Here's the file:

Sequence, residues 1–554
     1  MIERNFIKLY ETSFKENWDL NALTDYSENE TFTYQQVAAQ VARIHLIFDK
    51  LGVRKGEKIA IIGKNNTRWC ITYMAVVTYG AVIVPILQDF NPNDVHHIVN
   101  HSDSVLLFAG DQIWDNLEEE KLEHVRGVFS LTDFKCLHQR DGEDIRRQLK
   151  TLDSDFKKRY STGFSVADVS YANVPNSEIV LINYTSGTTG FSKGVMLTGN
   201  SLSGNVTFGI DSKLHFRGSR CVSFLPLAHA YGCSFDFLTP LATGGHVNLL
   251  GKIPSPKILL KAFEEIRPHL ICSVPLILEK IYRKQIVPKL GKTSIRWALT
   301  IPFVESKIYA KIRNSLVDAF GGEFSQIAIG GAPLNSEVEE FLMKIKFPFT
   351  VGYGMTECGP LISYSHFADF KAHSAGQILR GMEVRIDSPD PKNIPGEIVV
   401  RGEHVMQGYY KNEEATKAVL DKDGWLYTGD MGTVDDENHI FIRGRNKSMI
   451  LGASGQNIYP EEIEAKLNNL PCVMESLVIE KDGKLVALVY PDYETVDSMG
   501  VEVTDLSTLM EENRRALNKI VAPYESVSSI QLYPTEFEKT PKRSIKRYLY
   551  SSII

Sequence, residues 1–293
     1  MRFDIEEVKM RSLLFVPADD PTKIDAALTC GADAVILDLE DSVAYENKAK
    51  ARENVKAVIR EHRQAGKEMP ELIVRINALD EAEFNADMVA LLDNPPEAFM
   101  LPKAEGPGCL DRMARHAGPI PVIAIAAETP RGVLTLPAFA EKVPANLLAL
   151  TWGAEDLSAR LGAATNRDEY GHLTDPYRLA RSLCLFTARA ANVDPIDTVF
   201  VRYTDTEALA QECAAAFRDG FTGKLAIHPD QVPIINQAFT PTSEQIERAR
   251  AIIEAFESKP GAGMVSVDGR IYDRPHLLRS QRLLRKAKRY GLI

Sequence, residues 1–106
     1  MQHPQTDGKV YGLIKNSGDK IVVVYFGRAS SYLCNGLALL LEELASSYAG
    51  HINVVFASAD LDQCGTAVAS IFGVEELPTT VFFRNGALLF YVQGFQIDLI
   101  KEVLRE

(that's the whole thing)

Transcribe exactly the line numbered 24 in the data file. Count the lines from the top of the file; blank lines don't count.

   101  KEVLRE